While I was reading The Secrets of Mary Bowser by Lois Leveen, I saw Call Mr. Robeson, the one-man show written and performed by Tayo Aluko, at the Castillo Theatre in New York. Like Paul Robeson, Mary Bowser made a political choice: she rejected the life of relative privilege that was open to her as a talented, educated, free black person living in the north. She chose instead to return to Virginia, and risk her life in the war for the liberation of her people.
Ms. Leveen’s account of Mary Bowser’s heroic life also shows very clearly that an entire nation cannot abuse and degrade a whole group of human beings without corrupting and degrading itself. The injustice of slavery corrupted not just the southern “slave power”, but the northern “free” states as well. Ms. Leveen shows us how racism infected even the abolitionists in the north.
Today, one hundred fifty-three years after the end of chattel slavery, the corruption of racism is still degrading, poisoning, shaming, and holding back America. Three generations ago, President Truman (DP) told Paul Robeson that the time was “not right” for anti-lynching legislation. This past week, the NFL ruled that its players would face sanctions if they kneeled during the national anthem to protest police violence against the black community.
The racists – and this includes Roger Godell, the smooth-talking Commissioner of the NFL – reserve their most rabid hatred for people of color like Mary Bowser, Paul Robeson, and Colin Kaepernick who have the unmitigated temerity to lay down their privilege to stand with their people. The rest of us reserve for them our greatest respect, admiration, and love.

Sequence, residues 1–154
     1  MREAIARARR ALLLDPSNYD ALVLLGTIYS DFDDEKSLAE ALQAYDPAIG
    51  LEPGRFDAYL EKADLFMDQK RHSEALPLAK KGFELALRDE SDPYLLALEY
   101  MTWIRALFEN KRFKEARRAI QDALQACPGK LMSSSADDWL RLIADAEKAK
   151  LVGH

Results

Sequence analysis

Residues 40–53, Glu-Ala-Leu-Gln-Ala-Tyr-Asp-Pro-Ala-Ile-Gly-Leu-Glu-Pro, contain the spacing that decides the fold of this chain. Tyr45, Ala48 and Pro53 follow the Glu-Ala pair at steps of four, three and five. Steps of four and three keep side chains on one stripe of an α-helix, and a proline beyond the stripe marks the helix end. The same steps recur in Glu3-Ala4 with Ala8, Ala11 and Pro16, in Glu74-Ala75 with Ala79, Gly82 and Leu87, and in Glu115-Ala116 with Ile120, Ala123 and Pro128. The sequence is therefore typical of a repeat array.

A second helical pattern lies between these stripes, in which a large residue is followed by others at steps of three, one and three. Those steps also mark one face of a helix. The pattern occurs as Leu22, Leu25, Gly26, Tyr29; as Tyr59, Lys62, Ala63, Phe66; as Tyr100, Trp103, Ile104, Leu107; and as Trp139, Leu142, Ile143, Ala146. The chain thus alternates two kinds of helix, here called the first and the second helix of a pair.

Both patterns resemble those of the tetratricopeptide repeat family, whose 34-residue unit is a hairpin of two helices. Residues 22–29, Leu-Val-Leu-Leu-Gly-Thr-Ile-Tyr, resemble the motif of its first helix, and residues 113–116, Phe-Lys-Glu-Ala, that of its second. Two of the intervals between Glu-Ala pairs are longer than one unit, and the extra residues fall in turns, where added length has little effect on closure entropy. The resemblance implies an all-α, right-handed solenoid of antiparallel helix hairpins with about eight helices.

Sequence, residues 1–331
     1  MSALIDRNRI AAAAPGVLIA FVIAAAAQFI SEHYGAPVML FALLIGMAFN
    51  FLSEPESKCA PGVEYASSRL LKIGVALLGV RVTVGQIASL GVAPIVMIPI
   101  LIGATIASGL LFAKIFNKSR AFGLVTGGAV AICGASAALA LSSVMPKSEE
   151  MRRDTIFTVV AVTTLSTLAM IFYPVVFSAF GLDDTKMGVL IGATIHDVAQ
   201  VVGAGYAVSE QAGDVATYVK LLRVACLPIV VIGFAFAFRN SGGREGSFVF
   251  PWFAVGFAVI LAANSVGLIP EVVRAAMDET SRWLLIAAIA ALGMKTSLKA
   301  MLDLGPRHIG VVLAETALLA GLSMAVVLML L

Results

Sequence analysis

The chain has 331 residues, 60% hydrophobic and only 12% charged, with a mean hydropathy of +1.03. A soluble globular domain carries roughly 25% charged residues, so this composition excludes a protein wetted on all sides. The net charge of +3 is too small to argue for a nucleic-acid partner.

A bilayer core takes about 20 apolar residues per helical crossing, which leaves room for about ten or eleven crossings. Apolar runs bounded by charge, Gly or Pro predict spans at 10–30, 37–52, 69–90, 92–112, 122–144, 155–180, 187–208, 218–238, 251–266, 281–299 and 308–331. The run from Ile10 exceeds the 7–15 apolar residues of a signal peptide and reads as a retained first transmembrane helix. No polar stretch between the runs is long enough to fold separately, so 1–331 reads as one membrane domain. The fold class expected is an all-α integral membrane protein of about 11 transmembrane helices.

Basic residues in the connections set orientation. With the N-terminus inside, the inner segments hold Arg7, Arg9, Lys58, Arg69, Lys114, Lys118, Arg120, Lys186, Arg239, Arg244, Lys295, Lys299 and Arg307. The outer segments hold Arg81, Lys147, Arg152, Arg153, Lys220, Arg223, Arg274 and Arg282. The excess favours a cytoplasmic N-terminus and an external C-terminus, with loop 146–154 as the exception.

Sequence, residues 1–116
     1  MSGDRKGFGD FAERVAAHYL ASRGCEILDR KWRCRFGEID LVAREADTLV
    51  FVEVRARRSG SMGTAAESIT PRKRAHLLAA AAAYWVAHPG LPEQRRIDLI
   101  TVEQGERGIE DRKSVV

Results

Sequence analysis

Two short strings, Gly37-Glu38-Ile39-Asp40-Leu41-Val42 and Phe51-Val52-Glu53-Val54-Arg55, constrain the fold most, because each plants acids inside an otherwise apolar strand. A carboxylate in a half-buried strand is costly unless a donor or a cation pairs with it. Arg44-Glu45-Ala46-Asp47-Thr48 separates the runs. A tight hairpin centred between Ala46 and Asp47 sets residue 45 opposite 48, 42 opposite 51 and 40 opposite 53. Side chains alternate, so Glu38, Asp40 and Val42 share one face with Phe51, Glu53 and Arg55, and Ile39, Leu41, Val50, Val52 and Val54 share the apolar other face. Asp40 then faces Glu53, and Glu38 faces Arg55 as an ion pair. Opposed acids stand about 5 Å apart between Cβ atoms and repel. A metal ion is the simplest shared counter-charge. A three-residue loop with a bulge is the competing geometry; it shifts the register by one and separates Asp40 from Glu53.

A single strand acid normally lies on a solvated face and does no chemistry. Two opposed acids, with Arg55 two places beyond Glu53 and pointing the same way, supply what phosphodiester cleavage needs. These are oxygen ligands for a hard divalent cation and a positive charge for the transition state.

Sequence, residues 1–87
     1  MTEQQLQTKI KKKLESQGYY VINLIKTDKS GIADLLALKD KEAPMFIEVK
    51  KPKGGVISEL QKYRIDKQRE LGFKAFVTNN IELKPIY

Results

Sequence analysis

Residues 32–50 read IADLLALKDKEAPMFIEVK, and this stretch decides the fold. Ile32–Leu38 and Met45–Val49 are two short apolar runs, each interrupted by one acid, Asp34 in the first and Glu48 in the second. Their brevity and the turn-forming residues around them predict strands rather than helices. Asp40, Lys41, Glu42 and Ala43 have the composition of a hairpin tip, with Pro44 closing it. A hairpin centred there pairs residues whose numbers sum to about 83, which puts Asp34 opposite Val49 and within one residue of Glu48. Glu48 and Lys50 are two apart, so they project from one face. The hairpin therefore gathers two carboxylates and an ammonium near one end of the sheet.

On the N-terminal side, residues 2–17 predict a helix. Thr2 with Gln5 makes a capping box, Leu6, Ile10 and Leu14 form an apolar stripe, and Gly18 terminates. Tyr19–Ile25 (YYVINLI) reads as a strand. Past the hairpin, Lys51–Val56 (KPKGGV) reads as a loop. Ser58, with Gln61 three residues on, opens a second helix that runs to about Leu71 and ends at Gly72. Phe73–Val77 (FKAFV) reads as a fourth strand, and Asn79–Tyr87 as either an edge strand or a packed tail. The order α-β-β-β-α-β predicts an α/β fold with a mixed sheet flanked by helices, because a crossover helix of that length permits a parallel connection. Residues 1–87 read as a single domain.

Lou Hinman lives in New York City and is an activist with IndependentVoting.org and the New York City Independence Clubs.
In reading Lois Leveen’s book, “The Secrets of Mary Bowser” I am reminded again of the importance of reading American history. A very richly textured book about the life of a real person, a former slave, Mary Bowser. The level of detail in both the hardships and the mundane have had quite an impact on me.
I can’t but help think about how some of the themes in the book are common to present day African American families. For example, I grew hearing from the oldest generation of my own family stories of the lack of certainty about who was born when given the lack of record keeping as it applied to a people who were once enslaved. The conflicting emotions of pride and loss at just the possibility of access to education. As an adult, attending the with my parents the very same church I attended as a child, listening to announcements about young people in the church who were graduating from high school and soon to be going away to college accompanied by cheers and tears.
The thing that probably surprised me the most, was from the very beginning to see slavery through the eyes of a child. Maybe it’s because I’m older now, have a better sense of what it means for a parent to want better than they had for their children. And since I don’t have any children myself, think about my own parents, and their parents for before them and the strength it must have taken to send children off into nearly unimaginable hostility only to hope against hope that would that they not only survive but also thrive.A very powerful book, I hope everyone reads.
Sheryl Williams is a long-time independent; an activist who believes in the power of the people.